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Issue No. 18 - Humanity

Exhibition Review: Eva O'leary at Meyohas

Exhibition Review: Eva O'leary at Meyohas

© Jing Zhao

© Jing Zhao

 

 

 

 

  By Isabella Weiss

 

There are bars over a model’s photo-edited face. This image is printed on the frosting of a square slice of cake. As an image within an image, it is one of the many references to digital and commercial personas in Eva O’leary’s photographic exhibition at Meyohas. The bars over the model’s face are the wires of a fridge shelf. Just like an Instagram photo, the frosted face is an image that was created in order to be consumed, that exists in a context of consumption both addictive and cage-like. Along with the cake slice in the fridge, a few other food packaging logos are included in O’leary’s image. The edited face is just one of these logos; her image is an ad, an identity manipulated for its appeal in the online social market. 

© Jing Zhao

© Jing Zhao

An infant lies on (floats in) a reversed context: his ground is the sky reflected on a mirror. The infant lies with his back to his own reflection. He is duplicated in abstract space, surrounded by sky in both directions. The infant is, like all infants today, born with his image on a social media page. He must grapple with the divide between his physical reality and the public presence of his representation. O’leary represents a child that is born into a split existence and world.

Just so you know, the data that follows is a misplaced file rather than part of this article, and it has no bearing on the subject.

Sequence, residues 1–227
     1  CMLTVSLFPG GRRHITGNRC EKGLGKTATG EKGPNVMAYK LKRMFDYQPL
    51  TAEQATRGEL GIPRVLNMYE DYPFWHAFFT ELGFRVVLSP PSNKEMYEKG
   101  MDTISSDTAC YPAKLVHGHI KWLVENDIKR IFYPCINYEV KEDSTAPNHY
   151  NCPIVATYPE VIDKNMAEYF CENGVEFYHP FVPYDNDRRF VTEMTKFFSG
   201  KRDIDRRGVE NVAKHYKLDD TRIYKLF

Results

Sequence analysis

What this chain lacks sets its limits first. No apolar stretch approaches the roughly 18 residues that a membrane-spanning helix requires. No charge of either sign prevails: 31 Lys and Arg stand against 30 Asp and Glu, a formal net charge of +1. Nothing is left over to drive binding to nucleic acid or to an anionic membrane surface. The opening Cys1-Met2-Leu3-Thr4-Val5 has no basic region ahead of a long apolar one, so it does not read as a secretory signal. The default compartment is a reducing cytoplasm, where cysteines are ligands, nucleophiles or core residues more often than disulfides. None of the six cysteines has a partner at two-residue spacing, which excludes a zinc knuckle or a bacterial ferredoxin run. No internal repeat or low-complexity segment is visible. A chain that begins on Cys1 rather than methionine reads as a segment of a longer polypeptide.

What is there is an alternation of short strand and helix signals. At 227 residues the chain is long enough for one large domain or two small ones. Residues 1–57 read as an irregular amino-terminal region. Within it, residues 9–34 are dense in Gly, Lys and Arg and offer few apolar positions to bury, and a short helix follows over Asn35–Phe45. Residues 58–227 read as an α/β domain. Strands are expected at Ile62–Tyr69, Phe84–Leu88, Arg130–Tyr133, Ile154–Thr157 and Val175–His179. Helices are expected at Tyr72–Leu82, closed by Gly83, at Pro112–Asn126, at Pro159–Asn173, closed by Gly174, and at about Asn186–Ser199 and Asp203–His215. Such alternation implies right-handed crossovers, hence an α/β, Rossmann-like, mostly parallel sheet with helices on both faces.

© Jing Zhao

© Jing Zhao

The image of an identity split between original and display is again represented in O’leary’s portrait of a young woman. Her face is half made-up and the line between natural and belied skin tones is visible. Because she exposes her decorated half to the camera, the eye without makeup is itself denigrated in shadow. It is her unmasked side that is truly hidden from the public eye.

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Eva O’leary’s exhibition at Meyohas is about the pervasive cultural influence of commercial imagery and how, in the midst of this pervasiveness, the personal and commercial are starting to blend in our vision. While there is nothing explicitly commercial captured in her images, their crisp focus and rigid color scheme evoke corporate ads. Eva O’leary’s work functions like a social media platform. In her images, the body becomes a hashtag and life a logo for life.

© Jing Zhao

© Jing Zhao

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